baseball word search Hank Aaron, 1,000-home-run hitter? Test. A participant who may have emerged from the Atlantic Ocean? Double test. In lately with out MLB, our workers writers went on a deep dive of baseball’s most full database to search out things that remind them of what makes the game so nice.

Baseball-Reference is the eighth marvel of the world, and albeit, it’s superior to among the better-known seven, too. Who needs the Colossus of Rhodes, in spite of everything, when you've got the player page for Tuffy Rhodes, onetime dwelling run king of Japan?

One of many qualities that defines baseball’s nook of the web is the quirkiness inherent in appreciating its history. Much of that joy is tied in with shopping Baseball-Reference pages, which expose bizarre stats and enjoyable names and fantastic accomplishments and all of these quirky histories. Baseball-Reference is already a year-round deal with, but in a time absent of precise games—Opening Day was initially slated for Thursday—it turns into counterintuitively much more central for followers: Solely the strangeness can slake our baseball thirst; the only new discoveries can come from mining the depths of already current pages.

The positioning has extra info accessible than anybody has time to learn, social distancing or not. There are pages for every player, workforce, and season; for leagues ranging in ability level across four continents; for each potential statistical search a baseball fan would hope to reply. So to have a good time the breadth of the site’s riches, we held a miniature draft, picking our 5 favorite B-Ref pages apiece, chosen from anyplace on the site. As befits this eighth wonder, we got bizarre—and in so doing, discovered room for some baseball smiles even when the parks are closed, the mounds just waiting for the first actual pitch of spring. —Zach Kram.

One of the crucial distinctive bits of Baseball-Reference branding is “black ink.” Every time a player leads his league in a statistical category, the quantity on his page is displayed in daring. If he leads all of Main League Baseball, it’s each bolded and italicized. B-Ref even tracks black ink on a player’s page, with sure classes weighted to emphasize their significance, and publishes the participant’s rating at the backside of his web page as a fast and soiled estimation of his worthiness for the Hall of Fame.

When most statheads discuss gamers with a lot of black ink, they go to favorites from the recent previous, like Barry Bonds or Pedro Martínez. But my personal favorite smattering of black ink belongs to Rogers Hornsby. The Rajah was a real asshole, God rest his soul, but he could absolutely rake. If you know anything about Hornsby, aside from his profitable persona, it’s that his career batting common, .358, is the best ever for a right-handed hitter and second only to Ty Cobb general. That undersells his offensive prowess considerably.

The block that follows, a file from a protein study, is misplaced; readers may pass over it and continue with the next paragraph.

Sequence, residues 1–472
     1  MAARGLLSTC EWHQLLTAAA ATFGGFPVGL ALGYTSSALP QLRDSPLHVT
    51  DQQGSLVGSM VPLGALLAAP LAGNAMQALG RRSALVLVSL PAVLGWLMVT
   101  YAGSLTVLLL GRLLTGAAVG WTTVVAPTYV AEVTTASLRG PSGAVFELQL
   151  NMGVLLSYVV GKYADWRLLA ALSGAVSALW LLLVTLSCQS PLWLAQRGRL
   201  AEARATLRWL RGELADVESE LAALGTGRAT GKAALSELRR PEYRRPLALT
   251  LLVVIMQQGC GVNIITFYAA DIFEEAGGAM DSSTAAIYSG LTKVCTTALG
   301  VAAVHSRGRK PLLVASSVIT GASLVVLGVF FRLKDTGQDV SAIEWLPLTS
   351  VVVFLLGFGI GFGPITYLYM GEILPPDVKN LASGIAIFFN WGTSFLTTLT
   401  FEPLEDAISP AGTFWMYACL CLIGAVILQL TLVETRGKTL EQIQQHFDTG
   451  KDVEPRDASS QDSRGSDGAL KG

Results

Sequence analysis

That’s right, from 1920 to 1925, Hornsby led the Nationwide League in batting average, OBP, and slugging share (and by extension OPS and OPS+) each single yr. Bonds and Ruth swept the triple-slash categories three times combined, whereas Hornsby did it six years in a row. As a lot as I really like the nooks and crannies of Baseball-Reference, sometimes you simply need a stats web site to play the hits. Literally, in Hornsby’s case.

The 1899 Spiders are the worst workforce in MLB historical past. They're additionally my favourite team in MLB historical past. (I like them so fervently that early on in my relationship, my girlfriend bought me a vintage Spiders T-shirt as a birthday current.) And their Baseball-Reference web page shows why.

The backstory right here is that before the season, the Spiders’ owners additionally purchased the St. Louis Perfectos (later the Cardinals) and traded all their good players—together with Cy Younger and two other future Hall of Famers—to St. Louis to try to type a superteam. However that context isn’t instantly obvious on the page. One of the only indications of something strange comes on the prime of the web page, when B-Ref provides an choice to see the Spiders’ previous season but not their subsequent. That’s because the Spiders franchise folded after 1899.

The opposite indication of something unusual is the info itself; B-Ref is, at the start, a treasure trove of information. As an example, each group web page features a quick visual representation of the game-by-game outcomes. Green means a win, red means a loss, and the height of the bar signifies the margin of victory. Right here is the Spiders’ graph of 20 inexperienced bars and 134 purple.

Each page is full of storytelling statistics. So it’s simple to see that, say, Jim Hughey was the Spiders’ ace but finished the season with a 4-30 file, and that the pitching staff as an entire completed with a 6.37 ERA and didn’t feature a single participant with a league-average mark or higher.

The Spiders also exemplify the uncertainty of early baseball record-keeping, which wasn’t practically as precise as it's at this time. Six players have a “?” next to their names, which signifies that baseball historians are unsure of their handedness on the plate. And so they spotlight the wonders of old-timey baseball names, with players like Sport McAllister, Ossee Schrecongost, and Highball Wilson. Harry Colliflower was on this staff, too, with a fun title and a hilarious participant photo—another delight of early-years Baseball-Reference—to boot.

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